Cony-Catching - The Discovery of the lifting Law.

The Discovery of the lifting Law.

            The lift, is he that stealeth or prowleth any plate, jewels, bolts of satin, velvet, or such parcels from any place by a sleight conveyance under his cloak, or so secretly that it may not be espied: of lifts there be divers kinds as their natures be different, some base rogues that lift when they come into alehouses quart pots, platters, cloaks, swords, or any such paltry trash which commonly is called pilfering or petty-larceny, for under the colour of spending two or three pots of ale, they lift away anything that cometh within the compass of their reach, having a fine & nimble agility of the hand as the foist had: these are the common and rascal sorts of lifts, but the higher degrees and gentlemen lifts have to the performance of their faculty three parties of necessity: the Lift, the Marker and the Santar: the lift attired in the form of a civil country gentleman, comes with the marker into some mercer's shop, haberdasher's, goldsmith's, or any such place where any particular parcels of worth are to be conveyed, and there he calls to see a bolt of satin, velvet or any such commodity, and not liking the pile, colour or brack, he calls for more, and the whiles he begins to resolve which of them most fitly may be lifted, and what garbage (for so he calls the goods stolen) may be most easily conveyed, then he calls to the mercer's man and says, sirrah reach me that piece of velvet or satin, or that jewel, chain or piece of plate, and whilst the fellow turns his back, he commits his garbage to the marker: for note, the lift is without his cloak, in his doublet & hose to avoid the more suspicion: the marker which is the receiver of the lift's luggage, gives a wink to the santar that walks before the window and then the santar going by in great haste, the marker calls him & says, sir a word with you, I have a message to do unto you from a very friend of yours, and the errand is of some importance, truly sir says the santar I have very urgent business in hand and as at this time I cannot stay, but one word and no more says the marker, and then he delivers him whatsoever the lift hath conveyed unto him, and then the santar goes his way, who never came within the shop, and is a man unknown to them all: suppose he is smoked and his lifting is looked into, then are they upon their pantofles<40>, because there is nothing found about them: they defy the world for their honesty, because they be as dishonest as any in the world, and swear as God shall judge them they never saw the parcel lost, but oaths with them are like wind out of a bellows, which being cool kindleth fire: so their vows are without conscience and so they call for revenge: Therefore let this be a caveat to all occupations, sciences and mysteries, that they beware of the gentleman lift, and to have an eye to such as cheapen their wares and not when they call to see new stuff to leave the old behind them, for the fingers of lifts are formed of adamant, though they touch not yet they have virtue attractive to draw any pelf to them as the adamant doth the iron.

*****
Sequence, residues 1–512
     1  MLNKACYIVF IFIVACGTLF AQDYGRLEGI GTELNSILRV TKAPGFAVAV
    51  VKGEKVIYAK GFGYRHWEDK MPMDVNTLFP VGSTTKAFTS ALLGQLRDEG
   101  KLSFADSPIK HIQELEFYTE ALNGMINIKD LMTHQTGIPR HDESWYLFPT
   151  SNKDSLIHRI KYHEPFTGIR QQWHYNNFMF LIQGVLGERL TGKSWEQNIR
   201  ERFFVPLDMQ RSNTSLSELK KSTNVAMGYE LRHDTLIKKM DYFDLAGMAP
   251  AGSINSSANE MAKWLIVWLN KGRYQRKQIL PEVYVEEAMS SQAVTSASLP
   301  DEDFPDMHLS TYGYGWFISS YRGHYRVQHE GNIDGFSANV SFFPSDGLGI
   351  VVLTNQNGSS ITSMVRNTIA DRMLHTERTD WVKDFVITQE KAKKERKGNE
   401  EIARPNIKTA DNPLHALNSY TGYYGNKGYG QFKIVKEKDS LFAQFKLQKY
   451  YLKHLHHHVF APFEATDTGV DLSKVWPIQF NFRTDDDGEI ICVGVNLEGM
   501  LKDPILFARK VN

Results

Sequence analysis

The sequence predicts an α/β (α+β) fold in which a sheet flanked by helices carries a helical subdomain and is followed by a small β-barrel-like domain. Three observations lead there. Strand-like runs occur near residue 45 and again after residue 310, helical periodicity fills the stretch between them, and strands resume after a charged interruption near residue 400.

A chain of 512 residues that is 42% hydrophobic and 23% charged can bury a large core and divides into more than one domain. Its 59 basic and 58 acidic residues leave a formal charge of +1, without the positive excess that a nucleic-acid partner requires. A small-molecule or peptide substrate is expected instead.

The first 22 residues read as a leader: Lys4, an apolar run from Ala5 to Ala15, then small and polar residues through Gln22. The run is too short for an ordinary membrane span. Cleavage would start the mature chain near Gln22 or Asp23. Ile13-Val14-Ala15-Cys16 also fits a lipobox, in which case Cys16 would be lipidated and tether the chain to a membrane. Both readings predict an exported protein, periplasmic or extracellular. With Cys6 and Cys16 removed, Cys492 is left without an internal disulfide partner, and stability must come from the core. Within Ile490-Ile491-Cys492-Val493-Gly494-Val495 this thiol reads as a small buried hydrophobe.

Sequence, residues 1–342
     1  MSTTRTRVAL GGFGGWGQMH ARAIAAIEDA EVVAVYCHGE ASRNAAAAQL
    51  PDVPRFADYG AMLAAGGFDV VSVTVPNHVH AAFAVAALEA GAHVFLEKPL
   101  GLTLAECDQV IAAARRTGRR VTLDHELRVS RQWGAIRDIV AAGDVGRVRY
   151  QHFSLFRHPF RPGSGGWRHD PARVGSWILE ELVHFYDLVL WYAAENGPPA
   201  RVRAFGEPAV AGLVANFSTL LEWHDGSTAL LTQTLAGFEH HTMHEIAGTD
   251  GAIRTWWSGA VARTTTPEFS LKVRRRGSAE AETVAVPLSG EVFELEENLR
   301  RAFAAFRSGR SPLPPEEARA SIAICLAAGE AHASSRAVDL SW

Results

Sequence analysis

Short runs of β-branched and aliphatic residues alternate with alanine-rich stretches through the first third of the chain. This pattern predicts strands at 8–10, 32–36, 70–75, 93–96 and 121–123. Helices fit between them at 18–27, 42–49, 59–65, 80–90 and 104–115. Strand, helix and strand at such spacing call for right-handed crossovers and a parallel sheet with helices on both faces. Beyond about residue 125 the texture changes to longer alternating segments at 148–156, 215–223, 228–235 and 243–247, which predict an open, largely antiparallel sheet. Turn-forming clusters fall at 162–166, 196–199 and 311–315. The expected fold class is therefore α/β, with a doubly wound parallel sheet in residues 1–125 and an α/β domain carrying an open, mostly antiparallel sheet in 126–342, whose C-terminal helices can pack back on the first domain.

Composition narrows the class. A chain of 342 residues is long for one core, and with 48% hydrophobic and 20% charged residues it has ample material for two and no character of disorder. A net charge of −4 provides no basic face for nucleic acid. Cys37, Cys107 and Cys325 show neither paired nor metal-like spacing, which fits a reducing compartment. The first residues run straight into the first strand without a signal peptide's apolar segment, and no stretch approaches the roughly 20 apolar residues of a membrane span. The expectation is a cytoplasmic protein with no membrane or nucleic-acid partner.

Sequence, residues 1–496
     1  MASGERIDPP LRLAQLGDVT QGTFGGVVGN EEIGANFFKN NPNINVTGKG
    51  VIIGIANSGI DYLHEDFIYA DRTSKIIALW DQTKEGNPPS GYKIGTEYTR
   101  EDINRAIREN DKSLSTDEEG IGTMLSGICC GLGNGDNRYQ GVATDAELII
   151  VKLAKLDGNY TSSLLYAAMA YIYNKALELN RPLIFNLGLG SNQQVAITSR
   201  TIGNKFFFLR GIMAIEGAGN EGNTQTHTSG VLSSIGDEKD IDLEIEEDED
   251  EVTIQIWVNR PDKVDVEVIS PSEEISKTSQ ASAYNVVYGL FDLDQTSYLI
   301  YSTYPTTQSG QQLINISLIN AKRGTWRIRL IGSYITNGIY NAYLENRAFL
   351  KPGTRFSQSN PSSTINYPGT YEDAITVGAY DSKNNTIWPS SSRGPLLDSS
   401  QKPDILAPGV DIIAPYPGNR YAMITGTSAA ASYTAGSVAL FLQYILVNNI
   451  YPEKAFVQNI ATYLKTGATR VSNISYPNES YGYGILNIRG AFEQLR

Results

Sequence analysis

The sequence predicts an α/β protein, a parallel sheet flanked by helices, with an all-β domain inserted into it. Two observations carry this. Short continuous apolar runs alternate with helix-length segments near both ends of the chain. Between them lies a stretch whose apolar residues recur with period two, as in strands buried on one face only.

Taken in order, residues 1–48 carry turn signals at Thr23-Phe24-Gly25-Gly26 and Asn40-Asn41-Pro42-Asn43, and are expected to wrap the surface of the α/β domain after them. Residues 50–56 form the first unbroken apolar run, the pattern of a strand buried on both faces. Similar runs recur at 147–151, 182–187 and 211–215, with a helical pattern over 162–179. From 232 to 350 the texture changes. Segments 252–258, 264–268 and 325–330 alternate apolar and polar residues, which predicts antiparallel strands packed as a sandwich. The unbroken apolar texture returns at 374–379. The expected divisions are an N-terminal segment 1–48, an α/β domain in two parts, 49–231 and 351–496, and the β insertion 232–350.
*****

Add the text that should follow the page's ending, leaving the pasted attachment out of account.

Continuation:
But yet these lifts have a subtle shift to blind the world for this close kind of cozenage they have when they want money, one of them apparels himself like a country farmer, & with a memorandum drawn in some legal form, comes to the chamber of some counsellor or serjeant-at-law with his marker and his santar, and there tells the lawyer his case and desires his counsel, the whilst the marker and the santar lay the platform for any rapier, dagger, cloak, gown or any other parcel of worth that is in the withdrawing or outer chanber, and as soon as they have they go their way: then when the lawyer hath given his opinion of the case the lift requires, then he puts in some demur or blind, and says he will have his cause better discovered and then he will come to his worship again, so taking his leave without his ten shillings fee, he goes his ways to share what his companions had gotten: the like method they use with scriveners, for coming by the shop and seeing any garbage worth the lifting on, starteth in to have an obligation or bill made in haste, and while the scrivener is busy, the lift bringeth the marker to the blow, and so the luggage is carried away. Now, these lifts have their special receivers of their stolen goods, which are two sundry parties, either some notorious bawds in whose houses they lie, and they keep commonly tapping-houses and have young trugs in their house which are consorts to these lifts and love them so dear, that they never leave them till they come to the gallows, or else they be brokers, a kind of idle sort of livers as pernicious as the lift, for they receive at their hands whatsoever garbage is conveyed, be it linen, woollen, plate, jewels, and this they do by a bill of sale, making the bill in the name of John a Nokes or John a Styles, so that they shadow the lift & yet keep themselves without the danger of the law. Thus are these brokers and bawds as it were, efficient causes of the lifters' villainy, for were it not their alluring speeches and their secret concealings, the lift for want of receivers should be fain to take a new course of life, or else be continually driven into great extremes for selling his garbage, and thus much briefly for the nature of the lift.

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